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NEARI leaders see major flaws in Raimondo’s pension plan

October 21, 2011

Left to right: Speaker of the House Gordon Fox, Governor Lincoln Chafee, Treasurer Gina Raimondo and Senate President Teresa Paiva Weed convene during Tuesday’s special meeting on pension reform. Photo by Kathleen McKiernan

SOUTH KINGSTOWN – General Treasurer Gina Raimondo touted the pension plan proposed Tuesday night during a special legislative session as fair, but local National Education Association union leaders are seeing it in a different light.

Immediately following Governor Lincoln D. Chafee’s and Raimondo’s introduction of the plan, unions, specifically National Education Association of Rhode Island (NEARI) didn’t hide their disapproval and told lawmakers they will challenge the bill in court for breaking promises made to state employees.

The proposed plan creates a new hybrid plan that combines a traditional pension guarantee with a 401(K)-style plan, a suspension of cost-of-living increases for Rhode Island’s retired government workers for up to 19 years, and a higher retirement age up to 67 years old for current workers 51 years of age. State leaders claim the proposal will save the state from its only 48 percent funded pension system and $7.3 billion unfunded liability.

The pension plan chimes back to the NEASK negotiations with the South Kingstown School Committee over its current three year collective bargaining agreement, in which teachers agreed to a salary freeze and a 20 percent co-payment for health care to save the school department $755,000.

“At the local level, people are very upset and concerned,” NEASK President Christine Heid said. “Certainly we understood in negotiations the tough fiscal climate and that’s why the concessions were made by my members, but we felt like we were part of the state level pension system that would provide us with security. At this point, we know there had to be some kind of modifications made, but we were not expecting the draconian parts.”

President of South Kingstown NEA/NEA-RI, the municipal chapter of the union, Liz Carpentieri echoed the teacher’s union concerns.

“We want a fair and sustainable pension. Some of these proposals are not only unfair, but have unintended consequences,” Carpentieri said.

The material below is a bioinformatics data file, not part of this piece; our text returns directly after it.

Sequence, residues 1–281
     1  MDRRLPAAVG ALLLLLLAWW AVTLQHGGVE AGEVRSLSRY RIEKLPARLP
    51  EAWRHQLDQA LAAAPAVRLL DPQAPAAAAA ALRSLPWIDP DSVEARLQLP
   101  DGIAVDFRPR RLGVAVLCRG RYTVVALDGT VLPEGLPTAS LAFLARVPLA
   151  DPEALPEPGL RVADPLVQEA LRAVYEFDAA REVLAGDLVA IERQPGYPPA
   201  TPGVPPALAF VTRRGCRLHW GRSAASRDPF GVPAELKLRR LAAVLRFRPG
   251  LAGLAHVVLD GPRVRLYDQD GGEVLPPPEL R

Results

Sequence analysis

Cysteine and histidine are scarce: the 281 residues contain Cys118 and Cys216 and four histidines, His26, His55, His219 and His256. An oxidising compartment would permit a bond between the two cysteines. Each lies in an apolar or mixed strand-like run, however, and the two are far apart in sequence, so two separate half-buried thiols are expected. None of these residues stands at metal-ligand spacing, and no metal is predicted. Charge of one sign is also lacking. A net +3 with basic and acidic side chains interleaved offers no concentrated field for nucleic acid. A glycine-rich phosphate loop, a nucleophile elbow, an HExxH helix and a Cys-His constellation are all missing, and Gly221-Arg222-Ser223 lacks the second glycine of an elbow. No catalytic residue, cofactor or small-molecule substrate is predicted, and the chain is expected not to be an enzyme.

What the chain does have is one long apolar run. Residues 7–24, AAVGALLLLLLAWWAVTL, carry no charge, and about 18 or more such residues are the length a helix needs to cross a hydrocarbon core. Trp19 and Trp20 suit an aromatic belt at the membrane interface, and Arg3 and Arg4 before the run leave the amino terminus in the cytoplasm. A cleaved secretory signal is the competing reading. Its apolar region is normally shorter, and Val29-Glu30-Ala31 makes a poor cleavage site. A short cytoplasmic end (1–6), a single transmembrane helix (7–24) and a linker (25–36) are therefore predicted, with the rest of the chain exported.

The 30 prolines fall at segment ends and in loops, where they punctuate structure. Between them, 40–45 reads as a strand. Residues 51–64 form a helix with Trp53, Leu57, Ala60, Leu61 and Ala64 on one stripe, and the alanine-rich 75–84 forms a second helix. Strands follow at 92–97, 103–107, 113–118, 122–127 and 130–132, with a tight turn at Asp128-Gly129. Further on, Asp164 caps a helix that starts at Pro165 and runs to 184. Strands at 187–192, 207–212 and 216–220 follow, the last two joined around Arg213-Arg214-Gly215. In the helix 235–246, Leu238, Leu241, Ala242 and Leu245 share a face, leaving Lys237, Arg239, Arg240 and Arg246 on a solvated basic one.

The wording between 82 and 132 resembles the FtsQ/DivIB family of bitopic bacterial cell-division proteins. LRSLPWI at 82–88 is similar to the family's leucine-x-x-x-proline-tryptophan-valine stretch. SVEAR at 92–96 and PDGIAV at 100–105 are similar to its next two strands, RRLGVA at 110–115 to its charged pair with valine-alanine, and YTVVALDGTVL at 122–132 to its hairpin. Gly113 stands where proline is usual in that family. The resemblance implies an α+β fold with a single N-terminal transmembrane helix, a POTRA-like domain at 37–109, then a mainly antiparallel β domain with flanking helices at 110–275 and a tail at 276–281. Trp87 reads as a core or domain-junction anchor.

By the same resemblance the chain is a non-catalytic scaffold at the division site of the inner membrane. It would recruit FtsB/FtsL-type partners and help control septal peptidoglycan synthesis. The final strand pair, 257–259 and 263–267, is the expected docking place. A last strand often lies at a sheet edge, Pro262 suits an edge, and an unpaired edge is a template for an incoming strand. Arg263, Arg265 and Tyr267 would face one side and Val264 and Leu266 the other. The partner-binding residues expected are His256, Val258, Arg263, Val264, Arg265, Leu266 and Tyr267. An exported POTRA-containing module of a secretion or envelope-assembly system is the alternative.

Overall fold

The part that has gotten the unions so unbridled is the suspension of the COLAs and its impact overtime.

“When you have a COLA and a small pension you think overtime that it would grow. I was hopeful someday with COLAs to get up to $35,000. Now with the COLA adjustment up to 19 years, that will really affect people’s quality of life,” Heid said.

Carpentieri also stated her union worries of the future effect the suspension of the COLAs will have on retirees, suggesting that retirees may not be able to shop locally.

Tuesday night, Raimondo told the General Assembly that the cost-of-living adjustments are the most expensive portion of the current state pension fund and recommended suspending them until the fund reaches 80 percent funding, which she anticipates will take 19 years. Depending on how the pension fund is doing when the COLAs are reinstated, Raimondo said retirees could get an annual increase of up to four percent.
Currently, without reform, Raimondo said the state and local contributions to the pension fund for state workers and teachers would increase from $370 million this year to $615 million next year. Yet, she said the suspension of the COLAs would decrease that by $353 million.

The COLAs are not the unions only concern, however.

Heid said NEARI and its local chapter are also dumbfounded by the increase in the retirement age to 67 years old, which mirrors the Social Security retirement age, a change they do not qualify as fair.
First, Heid said it closes an opportunity for new teachers to find jobs. Second, it requires cities and towns to pay more for teachers at the top tier salaries, for longer periods of time, rather than paying the lower salary of a new teacher. Thirdly, requiring all teachers to work at their full capacity at age 67 and continue to have students and teachers benefit is a likelihood Heid doubts.

“It’s hard to be as effective and energetic. Teaching is an extremely physically rigorous and mentally challenging profession,” Heid said. “To be at the top of your game at age 67 is ill-advised.”
Heid said she would expect state-wide rallies against the pension plan soon. As such, at, the state teacher’s union was already urging its members Wednesday to share the impact the pension plan will have on them at the Finance Committee’s hearing on teacher, state and municipal pensions on Wednesday, Oct. 26.

The union coalition, including NEARI, will also hold a rally later as the legislature comes back in to session or the day of the actual vote.

Southern Rhode Island Newspapers
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